In the Household Satellite Account (HHSA), informal adult care estimates value the care received either from members of one’s own household, or from members of other households. Arguably, most of this care could be delegated to another person. Therefore, this informal care is deemed to be part of the productive role of households, and measured as part of home production.
Informal adult care is estimated using information on the number of adults (individuals aged 16 and over) receiving informal care in the UK. An adjustment is made for the type and regularity of the care given for it to be relevant to the HHSA. The 3 different types of adult care are: personal care, practical care and personal and practical care.
Personal care includes help with activities such as dressing, bathing, washing and feeding.
Practical care includes help with activities such as mobility (for example, getting out of bed) and paperwork or financial matters.
Personal and practical care is providing aspects of both of these.
The amount of care received varies from a visit once a week to continuous care. Once the frequency of care is assigned, a value of the number of hours of care received is applied to each case allowing the calculation of UK total hours of care. Finally, a suitable hourly wage rate is applied based on the closest market equivalent occupation. A full account of the methodology is located in the annex.
It should be noted that these measures of informal adult care do not aim to measure the help provided by members of voluntary organisations or care for individuals aged under 16 as this will be recorded in the volunteering and childcare sections of the HHSA.Nôl i'r tabl cynnwys
The volume of adult care is sourced from the Family Resources Survey which is a financial year dataset. To ensure comparability with the rest of the HHSA, financial year information is assumed to be equivalent to calendar year information. For instance, the number of hours of informal adult care reported in 2007 is equal to information for financial year ending 2008. Further, the latest year for which information is available is financial year ending 2013. Hours of informal adult care in 2014 are imputed assuming constant hours of care per person in the UK between 2013 and 2014.
Figure 3.1 shows the number of adults receiving informal care remained largely static between 2005 and 2014, growing by 0.6%. In comparison, the total number of hours of care grew by 24.9% over the same period. The main contributor to this was the increasing proportion of those receiving continuous care (defined as receiving 168 hours per week). As figure 3.1 shows, since 2005 the number of people receiving continuous care has increased by 194,000. In comparison the amount of people receiving non-continuous care has fallen by 180,000 since 2005. As a result, continuous care hours increased by 1.7 billion compared with non-continuous care hours which fell by 0.1 billion between 2005 and 2014.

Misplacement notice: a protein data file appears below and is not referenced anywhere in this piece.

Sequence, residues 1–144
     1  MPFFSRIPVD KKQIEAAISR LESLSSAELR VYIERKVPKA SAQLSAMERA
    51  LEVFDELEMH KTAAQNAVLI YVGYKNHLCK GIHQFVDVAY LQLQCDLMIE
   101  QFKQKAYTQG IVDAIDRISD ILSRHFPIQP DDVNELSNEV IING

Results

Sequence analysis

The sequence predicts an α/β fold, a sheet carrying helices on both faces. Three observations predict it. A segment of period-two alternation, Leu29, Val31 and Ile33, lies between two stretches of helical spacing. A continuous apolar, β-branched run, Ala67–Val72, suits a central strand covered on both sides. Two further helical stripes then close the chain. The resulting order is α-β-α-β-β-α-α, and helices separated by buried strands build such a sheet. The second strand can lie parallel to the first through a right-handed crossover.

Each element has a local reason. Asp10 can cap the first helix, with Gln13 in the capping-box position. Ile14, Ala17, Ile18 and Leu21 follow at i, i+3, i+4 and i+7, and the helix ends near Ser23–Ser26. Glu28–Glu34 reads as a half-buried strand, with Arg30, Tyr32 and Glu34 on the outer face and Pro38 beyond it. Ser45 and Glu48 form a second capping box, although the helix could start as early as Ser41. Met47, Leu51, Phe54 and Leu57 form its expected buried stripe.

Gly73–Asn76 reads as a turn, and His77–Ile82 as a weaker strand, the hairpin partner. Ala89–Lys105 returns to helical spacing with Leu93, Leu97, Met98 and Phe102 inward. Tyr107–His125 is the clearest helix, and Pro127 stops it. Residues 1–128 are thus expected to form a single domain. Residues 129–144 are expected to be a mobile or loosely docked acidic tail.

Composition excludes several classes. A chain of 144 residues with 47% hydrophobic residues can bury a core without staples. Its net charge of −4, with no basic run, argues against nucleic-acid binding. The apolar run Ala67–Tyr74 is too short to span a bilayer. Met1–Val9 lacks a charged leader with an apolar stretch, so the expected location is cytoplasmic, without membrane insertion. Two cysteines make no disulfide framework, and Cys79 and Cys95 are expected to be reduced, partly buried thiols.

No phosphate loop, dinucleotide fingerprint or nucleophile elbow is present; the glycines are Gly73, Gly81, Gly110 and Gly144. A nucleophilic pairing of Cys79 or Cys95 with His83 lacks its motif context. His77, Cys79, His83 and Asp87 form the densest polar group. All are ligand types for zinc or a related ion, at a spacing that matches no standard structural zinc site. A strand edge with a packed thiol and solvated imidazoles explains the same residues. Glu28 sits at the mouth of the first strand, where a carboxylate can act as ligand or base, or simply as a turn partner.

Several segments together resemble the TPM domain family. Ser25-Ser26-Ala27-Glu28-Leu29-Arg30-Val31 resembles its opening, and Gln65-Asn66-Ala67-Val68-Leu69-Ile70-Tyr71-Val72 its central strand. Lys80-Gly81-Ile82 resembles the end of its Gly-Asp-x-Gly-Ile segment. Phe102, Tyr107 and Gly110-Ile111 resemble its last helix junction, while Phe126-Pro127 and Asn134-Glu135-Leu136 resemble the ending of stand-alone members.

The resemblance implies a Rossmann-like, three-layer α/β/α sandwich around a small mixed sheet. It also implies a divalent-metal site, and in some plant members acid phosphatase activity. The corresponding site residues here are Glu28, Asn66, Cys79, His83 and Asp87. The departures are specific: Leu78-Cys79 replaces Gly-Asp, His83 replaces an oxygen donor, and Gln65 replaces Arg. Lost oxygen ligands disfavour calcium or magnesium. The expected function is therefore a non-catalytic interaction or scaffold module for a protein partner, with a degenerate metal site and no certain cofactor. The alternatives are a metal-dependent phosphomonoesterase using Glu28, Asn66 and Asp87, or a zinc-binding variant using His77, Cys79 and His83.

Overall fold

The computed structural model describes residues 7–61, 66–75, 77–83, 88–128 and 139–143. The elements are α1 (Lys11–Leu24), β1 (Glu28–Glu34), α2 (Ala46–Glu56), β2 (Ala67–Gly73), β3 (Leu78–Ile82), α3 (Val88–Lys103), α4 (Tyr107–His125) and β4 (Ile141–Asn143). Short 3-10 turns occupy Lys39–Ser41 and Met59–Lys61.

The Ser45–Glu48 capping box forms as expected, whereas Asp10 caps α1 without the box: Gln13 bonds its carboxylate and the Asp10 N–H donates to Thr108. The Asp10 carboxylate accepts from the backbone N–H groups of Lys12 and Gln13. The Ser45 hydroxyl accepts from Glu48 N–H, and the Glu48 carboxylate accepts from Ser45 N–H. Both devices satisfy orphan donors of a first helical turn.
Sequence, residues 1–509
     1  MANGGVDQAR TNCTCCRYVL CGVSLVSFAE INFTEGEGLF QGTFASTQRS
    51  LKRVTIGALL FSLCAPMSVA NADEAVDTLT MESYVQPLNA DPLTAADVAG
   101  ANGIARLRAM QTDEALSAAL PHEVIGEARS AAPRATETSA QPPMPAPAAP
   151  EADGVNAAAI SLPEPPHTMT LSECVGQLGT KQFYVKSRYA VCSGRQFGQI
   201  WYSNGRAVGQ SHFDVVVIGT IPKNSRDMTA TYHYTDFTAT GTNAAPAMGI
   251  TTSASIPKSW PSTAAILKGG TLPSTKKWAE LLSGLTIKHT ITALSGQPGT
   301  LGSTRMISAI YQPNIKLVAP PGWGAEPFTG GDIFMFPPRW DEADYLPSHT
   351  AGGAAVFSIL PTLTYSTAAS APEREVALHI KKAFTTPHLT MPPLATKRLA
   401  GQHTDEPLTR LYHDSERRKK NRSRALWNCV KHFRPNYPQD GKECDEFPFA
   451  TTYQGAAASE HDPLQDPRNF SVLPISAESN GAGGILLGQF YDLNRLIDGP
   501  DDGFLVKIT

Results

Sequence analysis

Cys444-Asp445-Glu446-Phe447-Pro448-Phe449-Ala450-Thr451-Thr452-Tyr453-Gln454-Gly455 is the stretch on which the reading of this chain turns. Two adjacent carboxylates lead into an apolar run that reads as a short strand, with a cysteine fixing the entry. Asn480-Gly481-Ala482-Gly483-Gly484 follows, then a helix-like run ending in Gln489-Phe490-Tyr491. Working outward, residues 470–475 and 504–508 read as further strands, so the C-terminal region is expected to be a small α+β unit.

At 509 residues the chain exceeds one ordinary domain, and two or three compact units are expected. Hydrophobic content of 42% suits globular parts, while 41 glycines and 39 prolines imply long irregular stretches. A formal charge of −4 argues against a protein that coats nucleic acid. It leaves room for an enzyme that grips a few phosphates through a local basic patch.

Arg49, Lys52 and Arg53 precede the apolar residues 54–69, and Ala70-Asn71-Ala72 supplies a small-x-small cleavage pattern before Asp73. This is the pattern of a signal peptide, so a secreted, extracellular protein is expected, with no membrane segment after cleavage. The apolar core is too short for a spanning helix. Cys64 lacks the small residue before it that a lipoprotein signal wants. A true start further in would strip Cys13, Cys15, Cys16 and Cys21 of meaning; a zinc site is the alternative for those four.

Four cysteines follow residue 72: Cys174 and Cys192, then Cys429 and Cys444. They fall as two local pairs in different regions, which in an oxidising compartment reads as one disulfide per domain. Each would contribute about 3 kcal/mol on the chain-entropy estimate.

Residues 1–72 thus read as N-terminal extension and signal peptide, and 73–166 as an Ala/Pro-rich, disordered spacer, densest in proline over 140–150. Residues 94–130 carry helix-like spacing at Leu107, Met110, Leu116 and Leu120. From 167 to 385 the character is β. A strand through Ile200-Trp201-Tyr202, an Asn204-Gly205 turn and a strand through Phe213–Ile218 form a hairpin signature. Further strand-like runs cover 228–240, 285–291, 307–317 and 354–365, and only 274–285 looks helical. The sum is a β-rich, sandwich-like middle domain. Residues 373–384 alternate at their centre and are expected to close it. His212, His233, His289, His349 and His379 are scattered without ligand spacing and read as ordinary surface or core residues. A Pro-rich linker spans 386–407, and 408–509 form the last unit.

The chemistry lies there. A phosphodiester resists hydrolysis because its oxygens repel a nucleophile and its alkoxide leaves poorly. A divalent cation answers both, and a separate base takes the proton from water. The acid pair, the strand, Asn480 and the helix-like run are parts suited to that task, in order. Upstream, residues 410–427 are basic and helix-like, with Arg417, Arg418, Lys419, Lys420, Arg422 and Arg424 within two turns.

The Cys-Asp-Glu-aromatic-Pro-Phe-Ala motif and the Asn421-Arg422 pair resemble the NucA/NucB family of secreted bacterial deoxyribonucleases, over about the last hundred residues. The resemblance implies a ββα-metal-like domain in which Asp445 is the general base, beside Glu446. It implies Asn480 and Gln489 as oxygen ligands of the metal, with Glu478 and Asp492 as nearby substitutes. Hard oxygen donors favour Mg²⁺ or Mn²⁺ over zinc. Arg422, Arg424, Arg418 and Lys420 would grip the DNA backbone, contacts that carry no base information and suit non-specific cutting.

Figure 3.2 further highlights the changing pattern of frequency of informal care. In 2014, the proportion of continuous care received increased by 8.7 percentage points compared with that of 2005. Similarly in 2014, the proportion attributed to care received several times a day also increased whilst the proportion for once or twice a day and several times a week fell. This shift towards more frequent care explains the increasing total hours of adult care whilst the number of adults receiving care has stayed broadly flat.
Figure 3.3 decomposes informal adult care by total hours received by age group. In 2014, those aged 70 and over, and those aged 50 to 69 received the most care, with 35.3% and 32.3% of the total informal adult care hours respectively. The remaining hours were received by those aged 30 to 49 (18.2%) and 16 to 29 (14.1%). Interestingly, those aged 70 and over have seen their share of total care decrease between 2005 and 2014. This is despite the fact that the population of this age group grew by 35.7% over the period, compared with 27.6% for the population as a whole.Nôl i'r tabl cynnwys
The output of informal adult care in the UK is estimated by multiplying the total hours of care by the wage rates of carers/nursing assistants. Gross value added (GVA), as described in the methodology section, is estimated by making an adjustment for the input of household housing services.
The GVA of informal adult care in the UK increased by 45.8% between 2005 and 2014, from £39.0 billion to £56.9 billion (Figure 3.4). This was characterised by 9.5% average annual growth between 2005 and 2008, driven by both a 15.7% increase in the total number of hours cared for, and an 11.9% increase in the wages of carers. Since 2008, growth has been relatively stable, with the exception of 2012 when value added grew by 11.2%. This was driven by an increase of 9.0% in the number of hours people reported being cared for.
Figure 3.5 presents the output of informal care by age group. It shows that in 2014 those aged over 70 accounted for the largest proportion (35.5%) of the total output of informal adult care. However, the share of total informal adult care accounted for by those aged over 70 has declined by 5.9 percentage points from a peak of 41.4% in 2008. The proportion of total output accounted for by those aged 16 to 29, on the other hand, has almost doubled, growing from 7.4% to 14.0% of the total between 2007 and 2014.
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